Tuesday, January 28, 2014

The Good - The Bad - The Ugly

Influence: You can make a difference
(Photo credit: Asymmetrical Communication)
Read the first paragraph of the "Preface" of Leading in the Wildland Fire Service below and ask yourself, "Does the term leadership infer a positive or negative picture in your mind?"
"Leadership is the art of influencing people in order to achieve a result. The most essential element for success in the wildland fire service is good leadership." ~ Leading in the Wildland Fire Service, p. 1
If you do an image internet search for "famous leaders," you get pictures of everyone from Mother Theresa and Nelson Mandela to Adolf Hitler and Osama bin Laden. Each of these individuals influenced large numbers of people; however, their end results were very different and changed the course of history.

We tend to associate the term "leadership" with a positive presence, but influence can produce very destructive and negative environments. Success in the wildland fire service, however, is defined by "good leadership."

Knowing what to look for in a "good leader" is critical. Mike DeGrosky, Guidance Group, Inc., share some insight in "Choose Your Role Models Carefully." Mike doesn't talk so much about the "toxic leader" as he does about the best leader for "contemporary and cultural relevance."

Article Excerpts
  • Supervisory or leadership techniques, styles or practices are secondary to character. Employing techniques or embracing a style without an appropriate character foundation can represent the dividing point between influence and manipulation, or leadership and coercion.
  • Contrary to popular belief, I find that most supervisors, managers and other potential leaders are trying hard, wanting to do a good job and are doing the best they can. More often than not, when a person engages in ineffective leadership behaviors, I find them simply emulating the behaviors and habits of the people who influenced them. We all tend to believe we have developed some unique leadership style, all our own. However, the evidence suggests that our character as a leader, as well as our leadership style, is much more like an accumulation of our influences. 
  • When I find a promising person struggling with “the leadership thing,” I often also find their role models coming up short, even though they are usually quite admirable people. Again, not because the role models were not excellent folk, but more likely because the role model came from an earlier point in the would-be leader’s career. What worked well for that person, at that time, in that place, won’t address the contemporary leader’s challenges.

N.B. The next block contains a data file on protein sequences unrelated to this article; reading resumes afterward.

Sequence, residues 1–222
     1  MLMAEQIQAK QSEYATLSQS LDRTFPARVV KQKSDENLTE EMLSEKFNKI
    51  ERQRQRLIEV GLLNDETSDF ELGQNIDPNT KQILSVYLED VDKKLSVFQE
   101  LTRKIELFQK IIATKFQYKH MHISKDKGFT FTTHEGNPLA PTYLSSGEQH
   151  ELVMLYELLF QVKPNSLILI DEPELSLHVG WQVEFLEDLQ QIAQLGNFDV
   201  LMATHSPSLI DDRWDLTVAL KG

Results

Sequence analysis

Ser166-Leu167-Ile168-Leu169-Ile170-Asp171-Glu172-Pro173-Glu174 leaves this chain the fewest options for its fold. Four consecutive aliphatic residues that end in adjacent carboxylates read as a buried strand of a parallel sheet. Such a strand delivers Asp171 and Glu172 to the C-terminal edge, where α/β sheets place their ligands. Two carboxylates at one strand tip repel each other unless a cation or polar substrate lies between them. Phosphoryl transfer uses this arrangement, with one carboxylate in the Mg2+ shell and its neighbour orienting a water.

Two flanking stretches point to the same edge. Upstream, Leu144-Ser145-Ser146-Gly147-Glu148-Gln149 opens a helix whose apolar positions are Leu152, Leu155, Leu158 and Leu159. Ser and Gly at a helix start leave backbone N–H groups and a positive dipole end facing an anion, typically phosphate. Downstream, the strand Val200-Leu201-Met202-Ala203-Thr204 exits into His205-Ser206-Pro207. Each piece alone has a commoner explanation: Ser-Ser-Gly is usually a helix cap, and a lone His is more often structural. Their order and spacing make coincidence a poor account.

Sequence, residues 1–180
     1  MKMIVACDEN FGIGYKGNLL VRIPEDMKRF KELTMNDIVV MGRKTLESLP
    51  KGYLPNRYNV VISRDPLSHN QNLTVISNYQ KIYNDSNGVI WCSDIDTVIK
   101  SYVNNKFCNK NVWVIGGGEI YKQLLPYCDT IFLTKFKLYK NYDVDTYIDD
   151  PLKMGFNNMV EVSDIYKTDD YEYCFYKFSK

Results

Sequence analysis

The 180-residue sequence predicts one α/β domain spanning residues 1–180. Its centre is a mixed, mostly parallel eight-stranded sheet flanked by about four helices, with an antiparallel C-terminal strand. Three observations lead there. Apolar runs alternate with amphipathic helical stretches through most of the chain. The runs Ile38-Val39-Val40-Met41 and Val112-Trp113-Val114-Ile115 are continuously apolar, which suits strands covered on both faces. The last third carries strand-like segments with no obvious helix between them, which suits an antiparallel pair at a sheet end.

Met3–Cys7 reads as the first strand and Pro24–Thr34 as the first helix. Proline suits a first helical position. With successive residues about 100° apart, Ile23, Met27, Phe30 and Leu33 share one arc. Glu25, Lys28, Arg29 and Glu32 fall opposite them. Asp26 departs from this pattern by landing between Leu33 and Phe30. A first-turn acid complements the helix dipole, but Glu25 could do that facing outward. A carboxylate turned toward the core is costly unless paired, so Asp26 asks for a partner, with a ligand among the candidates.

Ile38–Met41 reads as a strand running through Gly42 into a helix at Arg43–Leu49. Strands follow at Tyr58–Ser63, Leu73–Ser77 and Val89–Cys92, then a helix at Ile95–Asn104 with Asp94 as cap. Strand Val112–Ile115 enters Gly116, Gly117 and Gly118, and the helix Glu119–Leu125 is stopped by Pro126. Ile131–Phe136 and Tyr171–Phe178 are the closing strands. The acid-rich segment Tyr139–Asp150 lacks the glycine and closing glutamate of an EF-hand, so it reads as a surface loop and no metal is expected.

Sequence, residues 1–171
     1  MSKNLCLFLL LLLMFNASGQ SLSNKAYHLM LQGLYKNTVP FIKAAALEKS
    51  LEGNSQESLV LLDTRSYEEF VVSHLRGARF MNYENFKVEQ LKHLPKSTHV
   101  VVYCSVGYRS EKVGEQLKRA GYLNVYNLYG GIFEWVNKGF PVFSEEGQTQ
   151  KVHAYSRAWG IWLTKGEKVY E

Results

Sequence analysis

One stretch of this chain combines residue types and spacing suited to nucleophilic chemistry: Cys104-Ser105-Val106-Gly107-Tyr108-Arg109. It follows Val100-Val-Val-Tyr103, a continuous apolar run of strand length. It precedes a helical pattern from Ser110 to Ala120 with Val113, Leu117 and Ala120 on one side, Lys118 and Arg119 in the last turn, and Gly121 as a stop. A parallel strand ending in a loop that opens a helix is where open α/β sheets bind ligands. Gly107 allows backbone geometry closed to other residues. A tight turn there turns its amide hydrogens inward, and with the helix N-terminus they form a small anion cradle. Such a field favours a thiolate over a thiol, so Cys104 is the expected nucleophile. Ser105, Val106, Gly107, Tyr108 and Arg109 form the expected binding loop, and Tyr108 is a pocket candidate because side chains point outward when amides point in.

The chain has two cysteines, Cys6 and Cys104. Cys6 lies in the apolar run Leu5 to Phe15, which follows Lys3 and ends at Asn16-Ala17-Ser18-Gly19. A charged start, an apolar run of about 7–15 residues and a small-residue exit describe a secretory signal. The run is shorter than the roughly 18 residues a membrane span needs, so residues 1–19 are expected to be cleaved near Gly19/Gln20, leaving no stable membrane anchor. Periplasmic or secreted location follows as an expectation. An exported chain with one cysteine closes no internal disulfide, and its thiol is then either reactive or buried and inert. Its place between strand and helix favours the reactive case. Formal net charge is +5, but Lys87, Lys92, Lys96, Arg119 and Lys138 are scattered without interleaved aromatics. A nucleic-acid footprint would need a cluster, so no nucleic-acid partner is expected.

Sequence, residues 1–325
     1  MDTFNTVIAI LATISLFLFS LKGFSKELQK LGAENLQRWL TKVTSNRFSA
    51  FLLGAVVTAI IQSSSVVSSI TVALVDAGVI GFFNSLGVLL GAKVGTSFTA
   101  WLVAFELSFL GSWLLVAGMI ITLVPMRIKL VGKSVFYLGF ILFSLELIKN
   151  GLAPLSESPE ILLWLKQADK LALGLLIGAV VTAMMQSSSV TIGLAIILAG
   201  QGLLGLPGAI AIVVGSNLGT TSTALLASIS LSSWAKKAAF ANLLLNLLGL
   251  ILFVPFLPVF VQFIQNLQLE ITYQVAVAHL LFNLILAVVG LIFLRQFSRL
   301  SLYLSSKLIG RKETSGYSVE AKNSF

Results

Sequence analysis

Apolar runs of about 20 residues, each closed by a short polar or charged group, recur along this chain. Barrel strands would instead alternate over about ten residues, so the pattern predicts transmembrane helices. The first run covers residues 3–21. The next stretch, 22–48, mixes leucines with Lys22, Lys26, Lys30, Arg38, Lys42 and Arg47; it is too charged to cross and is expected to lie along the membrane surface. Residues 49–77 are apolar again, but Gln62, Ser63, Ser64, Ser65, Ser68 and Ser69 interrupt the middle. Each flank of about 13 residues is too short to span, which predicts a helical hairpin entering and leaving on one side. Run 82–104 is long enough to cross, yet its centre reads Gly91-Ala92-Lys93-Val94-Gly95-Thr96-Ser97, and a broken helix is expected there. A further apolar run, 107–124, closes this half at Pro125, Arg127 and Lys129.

• We can learn from the experience of great leaders only to the extent that we can draw contemporary lessons from historic experience.
  • When people emulate less-than-relevant role models, this proves quite frustrating and stressful for both the would-be leader and those they attempt to lead. It also proves unhealthy for the organization.
DeGrosky's advice is to make sure that these role models, at very least:
  • Brought about needed change that reflected people’s mutual interests
  • Communicated about issues that connected them to their followers
  • Went beyond the typical boss-subordinate connection to develop relationships
  • Inspired accomplishment and commitment
  • Modeled leadership behavior
  • Grew leaders in their organization
  • Focused on important issues
  • Connected their group to the outside world
Wildland Fire Leadership Challenge

Each one of us has the power to influence. Determine what type of leader you want to be.

I challenge students of leadership and fire to read Chris Widener's The Art of Influence - Persuading Others Begins With You

Dr. Mike DeGrosky is Chief Executive Officer of the Guidance Group, a consulting organization specializing in the human and organizational aspects of the fire service, and an adjunct instructor in leadership studies for Fort Hays State University. Follow Mike on Twitter @guidegroup or via LinkedIn.

Blog compliments of Pam McDonald, Writer/Editor BLM Fire Training and member of the NWCG Leadership Subcommittee. All expressions are those of the authors.

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